Living Well with COPD: Diet and Nutrition for Optimal Health
Our diet has a direct impact on our health and overall functioning. Adequate nutrition is important for all — but it is especially important for those living with chronic obstructive pulmonary disease (COPD).
COPD is a progressive disease of the lungs and airways usually caused by prolonged exposure to smoke, pollutants, or chemicals. Since this is a respiratory condition, many people may not realize just how much their diet can impact the disease. Proper nutrition will not cure COPD, but it can make living with it much more manageable.
Did you know that the muscles used for breathing can require up to ten times more energy in a person with COPD? It is essential to plan meals to include an adequate amount of lean protein and a variety of nutrients to allow your body to create enough energy to keep up with the demand. We all know it is important to drink enough water, but just how much is enough? And does this amount change for those diagnosed with COPD? It is recommended that individuals with the disease drink at least eight cups of water per day (unless otherwise instructed by your healthcare professional), and limit caffeine intake. This will help to keep secretions loose so that they may be expelled with ease. Also keep in mind that those with COPD have an increased risk of developing respiratory infections. Adequate nutrition and fluid intake helps the body fight off infections and recover after an illness.
Gas and bloating can intensify shortness of breath. Individuals with COPD should try to avoid overeating and limit their consumption of foods that cause an excessive amount of gas or bloating. Some problematic foods include:
- fried and greasy foods
- spicy foods
- certain vegetables, such as beans, Brussels sprouts, broccoli, cabbage, cauliflower, cucumbers, and soybeans
- carbonated drinks
It can be helpful to keep a food diary to keep track of which foods cause gas or bloating, as our bodies do not all react to foods in the same way.
Shortness of breath while eating is a common concern for those with COPD. Here are some ideas to help reduce shortness of breath during or immediately following meals:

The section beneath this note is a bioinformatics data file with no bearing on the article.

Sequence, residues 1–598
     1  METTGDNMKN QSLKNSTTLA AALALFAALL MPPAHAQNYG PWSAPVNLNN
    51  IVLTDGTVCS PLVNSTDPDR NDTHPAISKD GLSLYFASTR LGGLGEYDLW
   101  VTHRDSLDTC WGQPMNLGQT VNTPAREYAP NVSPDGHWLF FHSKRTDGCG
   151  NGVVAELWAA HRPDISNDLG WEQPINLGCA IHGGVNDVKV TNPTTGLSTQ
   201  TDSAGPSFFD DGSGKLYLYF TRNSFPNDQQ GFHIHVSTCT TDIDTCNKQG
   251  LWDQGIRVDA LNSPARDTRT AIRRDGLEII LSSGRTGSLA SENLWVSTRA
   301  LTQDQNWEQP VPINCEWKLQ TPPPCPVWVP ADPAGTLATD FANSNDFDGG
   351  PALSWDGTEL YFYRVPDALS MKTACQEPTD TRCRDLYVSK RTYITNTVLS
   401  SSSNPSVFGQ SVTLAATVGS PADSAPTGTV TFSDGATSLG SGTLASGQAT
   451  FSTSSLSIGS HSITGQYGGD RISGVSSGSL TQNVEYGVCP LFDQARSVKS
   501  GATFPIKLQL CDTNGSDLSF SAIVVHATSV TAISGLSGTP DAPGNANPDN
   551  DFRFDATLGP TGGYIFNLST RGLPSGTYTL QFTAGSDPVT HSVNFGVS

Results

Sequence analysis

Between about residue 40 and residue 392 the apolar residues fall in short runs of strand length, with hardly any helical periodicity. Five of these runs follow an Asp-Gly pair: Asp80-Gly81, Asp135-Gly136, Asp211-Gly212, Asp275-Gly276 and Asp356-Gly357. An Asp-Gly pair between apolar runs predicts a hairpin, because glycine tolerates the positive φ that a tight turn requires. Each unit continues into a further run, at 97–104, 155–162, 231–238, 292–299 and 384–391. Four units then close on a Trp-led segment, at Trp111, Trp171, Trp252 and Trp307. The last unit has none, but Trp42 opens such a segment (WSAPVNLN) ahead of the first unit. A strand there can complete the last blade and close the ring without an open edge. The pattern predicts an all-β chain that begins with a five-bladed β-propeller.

- Have four to six smaller meals per day instead of large ones to prevent overfilling the stomach, which would leave less space for the lungs to inflate.
- Avoid triggers such as smoke, strong perfumes, and pollution as much as possible before and during meal time.
- Clear the airways before eating and allow enough time to recuperate and reoxygenate before beginning a meal.
- Eat slowly, taking smaller bites, and take slow deep breaths while chewing.
- If possible, try to drink any liquids after the meal is finished — filling the stomach with liquid before a meal can cause overfilling or bloating.
- Be sure to eat while sitting up straight, especially if shortness of breath is positional.
Another prevalent issue for individuals with COPD is fatigue. Recurring or excessive fatigue can actually prevent people with the disease from obtaining enough nutrients each day. Here are some tips to conserve energy and ensure adequate intake:
- Have nutritious, protein-rich meals in the morning, since fatigue tends to accumulate as the day progresses and can reduce intake at dinner time.
- Eat the most nutrient-dense foods on the plate first, in case fatigue prevents you from eating the full meal.
- Take some time to rest before eating.
- Prepare meals ahead of time, and ask for help from others. Cooking dinner prior to eating may take up a lot of energy.
Limiting foods high in sugar and salt with little nutritional value, especially fast and processed foods, is a must. These foods can contribute to unhealthy abdominal weight gain. Abdominal weight gain can lead to increased work for the heart and lungs. Unnecessary body weight can also increase the overall oxygen demand which can worsen shortness of breath. On the opposite end of the spectrum, being underweight can increase fatigue and weakness, and increase susceptibility to infection. Maintaining a healthy weight is essential: see your physician or dietician to find out if you should be losing, gaining, or maintaining weight in order to achieve optimal health while living with COPD.
By Rachel Hughes, RN
ARTACares is provided by HumanaCare, an Alberta-based health and wellness provider with more than thirty-five years of Canadian health care experience.
This article took information from several reliable websites including ClevelandClinic.org, American Lung
Association, and BC Health.